“You’re kind of mean when you’re tired.”

She snorted. She still showed no sign of getting up.

Hadiin looked for some way to motivate her. “What if I…promise to buy you the best breakfast in the entire town when we get back, no matter how much it costs?”

She raised a brow at that. “Just breakfast?”

“And lunch?”

She narrowed her eyes at him, but then finally sat up again. “You’d better remember all this when it comes to divvying up the spoils later.”

He gave her an elaborate bow and grinned. “My dear Marian, I promise you, if all goes well tomorrow, we’ll be staying at the fanciest inn and drinking the finest wines. We’ll get you a massage even. Go shopping. What do sorceresses use? Magic orbs?”

Her eyes lit up. “Arcane foci! Ooh, but they’re expensive. And I’m probably too low level. But shopping it is.” She got to her feet, flashing a good bit of cleavage as she did. “Ok, let’s go.”

A thought occurred to Hadiin. “Wait. I have an idea.”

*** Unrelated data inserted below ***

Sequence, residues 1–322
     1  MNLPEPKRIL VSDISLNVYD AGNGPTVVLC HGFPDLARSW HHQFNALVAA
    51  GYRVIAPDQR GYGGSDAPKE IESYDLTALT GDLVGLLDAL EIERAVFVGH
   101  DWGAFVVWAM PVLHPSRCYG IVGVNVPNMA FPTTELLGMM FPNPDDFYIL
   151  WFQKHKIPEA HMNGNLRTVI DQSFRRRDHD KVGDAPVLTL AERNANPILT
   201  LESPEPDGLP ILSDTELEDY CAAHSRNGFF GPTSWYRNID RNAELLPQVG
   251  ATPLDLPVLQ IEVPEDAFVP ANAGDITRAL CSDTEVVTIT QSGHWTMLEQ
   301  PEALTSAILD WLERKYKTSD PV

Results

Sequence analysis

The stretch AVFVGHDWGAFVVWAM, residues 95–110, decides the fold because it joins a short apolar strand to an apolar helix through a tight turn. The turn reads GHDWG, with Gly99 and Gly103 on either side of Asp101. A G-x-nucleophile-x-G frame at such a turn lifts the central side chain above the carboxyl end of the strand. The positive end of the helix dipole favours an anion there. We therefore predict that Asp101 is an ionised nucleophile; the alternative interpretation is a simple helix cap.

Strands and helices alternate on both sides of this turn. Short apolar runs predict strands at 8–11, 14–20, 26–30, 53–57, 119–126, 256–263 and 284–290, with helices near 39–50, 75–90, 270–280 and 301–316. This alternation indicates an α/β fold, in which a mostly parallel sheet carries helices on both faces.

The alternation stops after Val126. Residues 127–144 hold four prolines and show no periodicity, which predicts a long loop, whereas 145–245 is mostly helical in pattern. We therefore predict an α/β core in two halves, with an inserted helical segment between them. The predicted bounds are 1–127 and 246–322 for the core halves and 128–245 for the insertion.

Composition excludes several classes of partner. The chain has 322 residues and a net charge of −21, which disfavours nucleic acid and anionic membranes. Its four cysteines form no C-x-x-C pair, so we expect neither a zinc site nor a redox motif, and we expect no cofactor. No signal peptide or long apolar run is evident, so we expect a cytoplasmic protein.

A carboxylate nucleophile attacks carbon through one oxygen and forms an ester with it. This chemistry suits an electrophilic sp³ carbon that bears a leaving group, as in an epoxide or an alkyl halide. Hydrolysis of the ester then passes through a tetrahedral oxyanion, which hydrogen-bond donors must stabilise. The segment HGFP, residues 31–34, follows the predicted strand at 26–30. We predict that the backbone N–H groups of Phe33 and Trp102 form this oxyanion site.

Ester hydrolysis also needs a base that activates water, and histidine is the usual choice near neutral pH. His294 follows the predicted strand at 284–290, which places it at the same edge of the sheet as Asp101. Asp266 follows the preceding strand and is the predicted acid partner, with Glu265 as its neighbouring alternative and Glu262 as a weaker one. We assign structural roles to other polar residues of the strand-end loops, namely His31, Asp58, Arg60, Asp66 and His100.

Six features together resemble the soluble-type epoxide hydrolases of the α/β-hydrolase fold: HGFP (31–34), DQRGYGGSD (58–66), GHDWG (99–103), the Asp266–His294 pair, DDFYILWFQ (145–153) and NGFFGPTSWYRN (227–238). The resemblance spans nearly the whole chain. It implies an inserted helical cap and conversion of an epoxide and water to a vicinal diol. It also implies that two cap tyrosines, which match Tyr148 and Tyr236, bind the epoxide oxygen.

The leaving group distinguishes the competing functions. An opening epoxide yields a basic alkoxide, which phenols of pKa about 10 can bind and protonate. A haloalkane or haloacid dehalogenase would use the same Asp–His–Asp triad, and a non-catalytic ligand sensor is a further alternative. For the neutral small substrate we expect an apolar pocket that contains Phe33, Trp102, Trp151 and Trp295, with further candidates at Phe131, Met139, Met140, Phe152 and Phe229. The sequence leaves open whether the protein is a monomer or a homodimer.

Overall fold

They doused the fire with dirt. It was a cloudy night, so there was very little light to see by. The two hid near the rear of the wagon for a long while, waiting to see if anyone would show up to investigate. Sure enough, the man with the staff came creeping up. He prowled, near silently, until he reached the wagon. Then he lifted the side cover and peeked in. 

They rushed him and tackled him to the ground. Raining punches and kicks on him, he soon cried out for mercy. It turned out that he was no magic user or anything remotely threatening, just a random guy hired for a few desperate coins. Marian threatened to melt his face off and he ran back towards town about as fast as he could go in the dark. 

“That leaves one,” Hadiin stated with satisfaction. “Let’s go.” He grabbed a stack of empty buckets and pots.

They picked their way through the forest slowly as it was almost pitch black without a torch and both hoped no monsters were lurking in wait. Tripping over a party of goblins would have sucked. After they were inside the trees a good hundred meters, Marian lit her hand up. After that, there was a lot of wandering in circles and backtracking as she tried to figure out all the places she’d been now that there was no daylight to see by.